On Roots and Research

Accessing who you are and where you come from

Kali Fajardo-Anstine
Gay Mag
Published in
10 min readJan 29, 2020

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Illustration by Christina Yoseph

“W“What are you?” ’is a question I’ve been asked by strangers since I was a child. As a little girl, I didn’t know how to answer this question with a simple one-word, one-identity response. And I still don’t. I knew then just as I know now that we were many things. We were American, we were Mexican, we were Filipino and Spanish and Jewish. And on my maternal line, here in Denver I am only a few hundred miles north from where my Picuris Pueblo ancestors lived since the beginning of time. I grew up one of seven children in both the suburbs and an older section of Denver called the Northside, an area that developers renamed to Highlands, a term used by those who flocked to the city during the waves of gentrification starting in the 1990s and charging through today. As a child, I traveled throughout the city with my parents, visiting an auntie on the West Side, a grandmother in Five Points, and another on the East Side. These places were associated with the people who lived there — Brown, Black, and Jewish sections, the unofficial segregation of Denver.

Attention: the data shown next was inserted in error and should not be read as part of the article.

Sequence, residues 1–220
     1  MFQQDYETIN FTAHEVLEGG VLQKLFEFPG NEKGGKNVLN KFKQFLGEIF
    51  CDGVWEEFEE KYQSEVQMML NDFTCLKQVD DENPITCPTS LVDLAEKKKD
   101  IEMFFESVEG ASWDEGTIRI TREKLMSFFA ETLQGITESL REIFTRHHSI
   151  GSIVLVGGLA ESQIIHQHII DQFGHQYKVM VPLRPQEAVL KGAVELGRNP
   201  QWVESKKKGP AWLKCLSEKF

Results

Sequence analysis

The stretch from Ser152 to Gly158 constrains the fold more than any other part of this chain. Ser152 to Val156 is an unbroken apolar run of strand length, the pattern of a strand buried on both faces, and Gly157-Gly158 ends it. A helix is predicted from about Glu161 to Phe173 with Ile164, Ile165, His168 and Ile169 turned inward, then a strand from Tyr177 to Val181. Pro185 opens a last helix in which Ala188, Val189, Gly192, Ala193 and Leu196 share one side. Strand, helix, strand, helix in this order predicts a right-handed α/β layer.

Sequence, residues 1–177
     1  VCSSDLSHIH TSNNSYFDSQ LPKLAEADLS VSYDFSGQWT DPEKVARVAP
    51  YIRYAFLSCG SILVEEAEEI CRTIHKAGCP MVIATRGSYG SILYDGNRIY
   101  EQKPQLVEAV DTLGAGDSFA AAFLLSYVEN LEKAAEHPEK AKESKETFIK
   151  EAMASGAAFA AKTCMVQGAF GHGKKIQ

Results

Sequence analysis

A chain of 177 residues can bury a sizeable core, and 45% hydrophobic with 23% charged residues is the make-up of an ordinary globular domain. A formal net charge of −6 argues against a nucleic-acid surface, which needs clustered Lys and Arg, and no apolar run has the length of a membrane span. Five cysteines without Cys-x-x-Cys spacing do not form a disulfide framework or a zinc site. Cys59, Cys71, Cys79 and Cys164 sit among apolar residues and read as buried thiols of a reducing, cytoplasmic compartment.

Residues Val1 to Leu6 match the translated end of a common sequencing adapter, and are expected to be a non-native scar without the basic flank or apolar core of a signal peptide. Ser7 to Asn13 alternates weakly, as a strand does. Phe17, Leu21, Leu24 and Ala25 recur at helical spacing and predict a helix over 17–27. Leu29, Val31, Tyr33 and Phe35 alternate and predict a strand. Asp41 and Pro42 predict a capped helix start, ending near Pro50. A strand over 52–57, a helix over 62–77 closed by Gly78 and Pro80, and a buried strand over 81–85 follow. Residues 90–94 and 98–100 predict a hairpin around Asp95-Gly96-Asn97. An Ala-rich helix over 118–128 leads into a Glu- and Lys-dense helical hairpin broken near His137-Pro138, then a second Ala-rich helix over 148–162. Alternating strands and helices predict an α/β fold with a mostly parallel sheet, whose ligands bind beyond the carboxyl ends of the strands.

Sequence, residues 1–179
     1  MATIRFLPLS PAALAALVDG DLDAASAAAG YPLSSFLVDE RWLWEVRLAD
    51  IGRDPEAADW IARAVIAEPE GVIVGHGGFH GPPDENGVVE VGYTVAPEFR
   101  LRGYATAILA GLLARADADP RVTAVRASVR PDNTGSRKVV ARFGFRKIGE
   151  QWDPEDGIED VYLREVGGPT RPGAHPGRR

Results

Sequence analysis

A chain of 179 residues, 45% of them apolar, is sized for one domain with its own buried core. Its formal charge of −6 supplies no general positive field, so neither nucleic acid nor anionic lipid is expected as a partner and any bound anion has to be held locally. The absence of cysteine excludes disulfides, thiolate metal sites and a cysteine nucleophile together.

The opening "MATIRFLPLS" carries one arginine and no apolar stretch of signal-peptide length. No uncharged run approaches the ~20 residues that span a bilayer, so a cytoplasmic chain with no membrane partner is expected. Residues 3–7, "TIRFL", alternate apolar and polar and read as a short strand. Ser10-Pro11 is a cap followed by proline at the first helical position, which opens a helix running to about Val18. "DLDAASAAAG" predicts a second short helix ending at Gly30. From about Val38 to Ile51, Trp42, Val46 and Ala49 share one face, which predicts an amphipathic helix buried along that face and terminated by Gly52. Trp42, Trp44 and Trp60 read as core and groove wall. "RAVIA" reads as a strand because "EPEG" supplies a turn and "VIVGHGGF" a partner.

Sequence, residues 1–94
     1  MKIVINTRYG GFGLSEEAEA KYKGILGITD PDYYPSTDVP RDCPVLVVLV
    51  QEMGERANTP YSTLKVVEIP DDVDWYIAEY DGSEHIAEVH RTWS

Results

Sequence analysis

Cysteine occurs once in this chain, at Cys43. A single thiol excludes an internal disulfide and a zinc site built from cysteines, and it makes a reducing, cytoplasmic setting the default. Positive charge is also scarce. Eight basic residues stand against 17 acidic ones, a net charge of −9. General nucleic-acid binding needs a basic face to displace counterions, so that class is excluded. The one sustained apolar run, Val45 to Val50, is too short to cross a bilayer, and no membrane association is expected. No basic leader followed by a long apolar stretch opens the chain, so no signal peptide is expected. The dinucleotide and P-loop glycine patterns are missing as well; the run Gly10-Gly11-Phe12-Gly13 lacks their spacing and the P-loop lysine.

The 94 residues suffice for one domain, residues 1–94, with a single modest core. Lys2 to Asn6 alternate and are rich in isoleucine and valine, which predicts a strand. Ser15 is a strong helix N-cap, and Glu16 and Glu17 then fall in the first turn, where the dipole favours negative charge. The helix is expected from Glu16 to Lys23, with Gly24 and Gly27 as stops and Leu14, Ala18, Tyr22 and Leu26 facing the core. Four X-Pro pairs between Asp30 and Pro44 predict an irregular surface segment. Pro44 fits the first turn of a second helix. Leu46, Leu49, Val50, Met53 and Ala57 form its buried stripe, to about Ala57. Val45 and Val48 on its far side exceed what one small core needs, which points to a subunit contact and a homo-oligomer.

I was in a cemetery when I first realized that my people were seemingly placed in designated areas. It came to me in my early teens, one Memorial Day, a time when my family visits our graves, cleans the stones, and plants new flowers. We circle our dead, burn…

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Kali Fajardo-Anstine
Gay Mag
Writer for

Author of SABRINA & CORINA, a Finalist for the National Book Award, PEN/Bingham Prize, and The Story Prize.